“Taking Orthodoxy to America” – Thirty Years Later

by Fr. Marc Dunaway

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Thirty years ago this month, Metropolitan Philip of the Antiochian Archdiocese began the process of bringing into the Orthodox Church seventeen “Evangelical Orthodox” communities from across America. At that time, he declared Orthodoxy to be “America’s best kept secret,” and he urged us as new converts to do something about this. “Take Orthodoxy to America,” he said.  This is surely a work that will continue for many generations, and I am grateful that on this anniversary our Metropolitan Joseph has pledged to carry on this task. Thirty years later, however, I would offer a few suggestions to consider from our experience so far. Continue Reading…

“Beat her when you are alone together”: Domestic Violence in the Russian Tradition, Past and Present

by Nadieszda Kizenko

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On February 7, Russian President Vladimir Putin signed a law decriminalizing domestic violence. Now, the first instance of poboi—“actions which cause physical pain but do not lead to grave injury or loss of ability to work’’—will be treated as a misdemeanor rather than a criminal act. This means that the offender will incur a fine of 30,000 rubles (about $500), community service, or a fifteen-day detention. If the offender repeats the offense within a year, the second offense will be treated as a criminal act. If more than a year goes by, the slate is clean, and the repeat offense is once again a misdemeanor with no jail time.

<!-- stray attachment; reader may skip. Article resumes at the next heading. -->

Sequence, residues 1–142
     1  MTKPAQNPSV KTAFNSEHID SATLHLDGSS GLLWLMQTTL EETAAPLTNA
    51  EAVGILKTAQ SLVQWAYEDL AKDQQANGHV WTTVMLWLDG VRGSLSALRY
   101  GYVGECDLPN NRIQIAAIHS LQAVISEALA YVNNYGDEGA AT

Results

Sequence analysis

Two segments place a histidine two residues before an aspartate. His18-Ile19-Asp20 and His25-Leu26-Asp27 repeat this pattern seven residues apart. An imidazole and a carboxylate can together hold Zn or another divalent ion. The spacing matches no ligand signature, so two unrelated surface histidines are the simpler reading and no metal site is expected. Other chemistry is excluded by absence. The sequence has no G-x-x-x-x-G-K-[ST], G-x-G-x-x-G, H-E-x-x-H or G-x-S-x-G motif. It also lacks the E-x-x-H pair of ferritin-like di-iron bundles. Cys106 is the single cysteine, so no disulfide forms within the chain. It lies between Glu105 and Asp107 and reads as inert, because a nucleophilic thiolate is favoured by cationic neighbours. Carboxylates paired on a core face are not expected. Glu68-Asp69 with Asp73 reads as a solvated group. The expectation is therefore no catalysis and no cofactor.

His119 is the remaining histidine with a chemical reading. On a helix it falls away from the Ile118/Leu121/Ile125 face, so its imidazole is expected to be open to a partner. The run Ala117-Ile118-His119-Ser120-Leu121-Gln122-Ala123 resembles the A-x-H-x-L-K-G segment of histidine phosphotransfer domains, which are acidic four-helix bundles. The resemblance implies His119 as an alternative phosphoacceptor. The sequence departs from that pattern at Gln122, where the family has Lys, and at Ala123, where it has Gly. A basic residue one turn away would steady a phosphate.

This measure prompted a furious response, both in Russian social media and abroad, when it was first raised in the lower courts last June. It seemed as if the most vulnerable members of society were left without protection, and as if the state considered bloodying one’s wife and children somehow not serious. But the picture is more complicated than it seems. Continue Reading…

Speak Up for the Trees

by Crina Gschwandtner

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Melted glaciers. Bleached coral reefs. Slashed forests. Drained wetlands. Burning oil fields. Smog. – Environmental destruction all around us.

Why ought Orthodox Christians advocate for flora and fauna? Why should we care when environmental protections are dismantled, polluting industries reinvigorated, ecological dangers ignored or denied? Why must we speak up for all of creation—two-legged, four-legged, finned, winged, and rooted?

The patristic literature on creation and the genesis of the universe stresses its beauty, harmony, and order. Continue Reading…